Fatty liver may herald impending type 2 diabetes

Feb 24, 2011

A recent study accepted for publication in The Endocrine Society's Journal of Clinical Endocrinology & Metabolism (JCEM) found that individuals with fatty liver were five times more likely to develop type 2 diabetes than those without fatty liver. This higher risk seemed to occur regardless of the patient's fasting insulin levels, which were used as a marker of insulin resistance.

In recent years, has become more appreciated as a sign of obesity and resistance to insulin, a hormone that controls the body's glucose levels. This new study shows that fatty liver may be more than an indicator of obesity but may actually have an independent role in the development of type 2 diabetes.

"Many patients and practitioners view fat in the liver as just 'fat in the liver,' but we believe that a diagnosis of fatty liver should raise an alarm for impending type 2 diabetes," said Sun Kim, MD, of Stanford University in Calif. and senior author of the study. "Our study shows that fatty liver, as diagnosed by ultrasound, strongly predicts the development of type 2 diabetes regardless of insulin concentration."

In this study, researchers examined 11,091 Koreans who had a medical evaluation including fasting insulin concentration and abdominal ultrasound at baseline and had a follow-up after five years. Regardless of baseline insulin concentration, individuals with fatty liver had significantly more metabolic abnormalities including higher glucose and triglyceride concentration and lower high-density lipoprotein cholesterol (sometimes called "good cholesterol") concentration. Individuals with fatty liver also had a significantly increased risk for type 2 diabetes compare to those without fatty liver.

"Our study shows in a large population of relatively healthy individuals that identifying fatty liver by ultrasound predicts the development of type 2 in five years," said Kim. "In addition, our findings reveal a complex relationship between baseline fatty liver and fasting insulin concentration."

Explore further: German medics report on drug success for Ebola patient

More information: The article, "Interrelationship between Fatty Liver and Insulin Resistance in the Development of Type 2 Diabetes," appears in the April 2011 issue of JCEM.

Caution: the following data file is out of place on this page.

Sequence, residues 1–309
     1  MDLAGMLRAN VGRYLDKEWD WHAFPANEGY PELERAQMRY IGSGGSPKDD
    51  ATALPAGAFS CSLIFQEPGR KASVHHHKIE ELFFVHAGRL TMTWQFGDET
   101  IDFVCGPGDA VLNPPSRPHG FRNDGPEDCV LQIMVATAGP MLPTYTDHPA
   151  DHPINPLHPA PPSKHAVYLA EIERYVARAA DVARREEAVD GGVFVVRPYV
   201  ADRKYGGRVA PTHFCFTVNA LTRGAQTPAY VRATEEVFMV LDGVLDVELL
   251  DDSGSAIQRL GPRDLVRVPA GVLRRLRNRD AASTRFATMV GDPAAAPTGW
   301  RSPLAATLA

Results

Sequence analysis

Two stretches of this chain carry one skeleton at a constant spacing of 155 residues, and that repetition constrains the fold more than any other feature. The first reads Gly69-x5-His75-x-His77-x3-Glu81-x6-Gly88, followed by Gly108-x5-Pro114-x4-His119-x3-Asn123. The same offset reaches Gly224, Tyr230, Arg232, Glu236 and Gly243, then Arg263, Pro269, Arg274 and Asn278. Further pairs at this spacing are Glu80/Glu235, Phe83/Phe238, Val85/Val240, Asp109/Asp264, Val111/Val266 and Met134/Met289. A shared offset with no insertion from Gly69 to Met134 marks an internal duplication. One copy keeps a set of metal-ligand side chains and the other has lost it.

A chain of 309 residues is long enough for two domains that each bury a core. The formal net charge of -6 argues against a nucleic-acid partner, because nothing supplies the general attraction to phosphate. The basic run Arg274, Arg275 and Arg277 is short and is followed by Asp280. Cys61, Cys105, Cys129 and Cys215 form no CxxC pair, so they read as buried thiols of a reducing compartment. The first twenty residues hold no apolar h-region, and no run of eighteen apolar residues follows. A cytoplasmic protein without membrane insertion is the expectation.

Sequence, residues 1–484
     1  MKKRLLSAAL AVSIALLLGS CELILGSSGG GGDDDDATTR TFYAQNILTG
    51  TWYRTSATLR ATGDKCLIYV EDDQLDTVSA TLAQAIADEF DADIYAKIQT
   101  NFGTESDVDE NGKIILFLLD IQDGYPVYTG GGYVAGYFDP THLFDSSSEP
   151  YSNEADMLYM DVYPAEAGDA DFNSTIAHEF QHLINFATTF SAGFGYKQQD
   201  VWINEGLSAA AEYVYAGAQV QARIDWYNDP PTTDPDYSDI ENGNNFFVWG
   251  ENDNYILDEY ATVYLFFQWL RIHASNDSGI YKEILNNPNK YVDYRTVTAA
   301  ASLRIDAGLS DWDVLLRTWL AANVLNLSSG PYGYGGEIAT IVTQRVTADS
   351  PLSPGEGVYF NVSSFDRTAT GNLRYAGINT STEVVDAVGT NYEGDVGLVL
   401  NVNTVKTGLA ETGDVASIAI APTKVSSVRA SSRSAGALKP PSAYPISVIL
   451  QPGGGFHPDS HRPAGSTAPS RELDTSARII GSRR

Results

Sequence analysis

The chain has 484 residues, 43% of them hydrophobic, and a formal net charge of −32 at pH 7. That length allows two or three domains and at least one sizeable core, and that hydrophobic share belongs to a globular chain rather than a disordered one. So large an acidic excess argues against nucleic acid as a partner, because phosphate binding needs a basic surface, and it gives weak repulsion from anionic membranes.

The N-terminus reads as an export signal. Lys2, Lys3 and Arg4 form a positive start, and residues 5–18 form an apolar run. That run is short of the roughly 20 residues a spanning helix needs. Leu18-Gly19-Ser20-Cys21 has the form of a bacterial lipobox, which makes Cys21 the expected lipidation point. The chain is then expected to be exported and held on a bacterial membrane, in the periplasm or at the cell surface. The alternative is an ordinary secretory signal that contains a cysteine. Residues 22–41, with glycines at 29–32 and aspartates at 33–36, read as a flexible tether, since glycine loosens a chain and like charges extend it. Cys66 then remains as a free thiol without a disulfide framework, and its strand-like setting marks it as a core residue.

add to favorites email to friend print save as pdf

Related Stories

Liver disease a possible predictor of stroke: study

Jan 07, 2011

People suffering from fatty liver disease may be three times more likely to suffer a stroke than individuals without fatty liver, according to a study by researchers at St. Michael's Hospital and the London Health Sciences ...

Recommended for you

Evidence-based recs issued for systemic care in psoriasis

2 hours ago

(HealthDay)—For appropriately selected patients with psoriasis, combining biologics with other systemic treatments, including phototherapy, oral medications, or other biologic, may result in greater efficacy ...

Bacteria in caramel apples kills at least four in US

2 hours ago

A listeria outbreak believed to originate from commercially packaged caramel apples has killed at least four people in the United States and sickened 28 people since November, officials said Friday.

Steroid-based treatment may answer needs of pediatric EoE patients

3 hours ago

A new formulation of oral budesonide suspension, a steroid-based treatment, is safe and effective in treating pediatric patients with eosinophilic esophagitis (EoE), according to a new study in Clinical Gastroenterology and Hepatology, the official clinical practice journal ...

Discovery of genes that predispose a severe form of COPD

5 hours ago

A study by Ramcés Falfán-Valencia, researcher at the National Institute of Respiratory Diseases (INER), found that the mestizo Mexican population has a number of variations in certain genes that predispose ...

On the environmental trail of food pathogens

6 hours ago

Tracking one of the deadliest food contamination organisms through produce farms and natural environments alike, Cornell microbiologists are showing how to use big datasets to predict where the next outbreak could start.

User comments : 0

Please sign in to add a comment. Registration is free, and takes less than a minute. Read more

Click here to reset your password.
Sign in to get notified via email when new comments are made.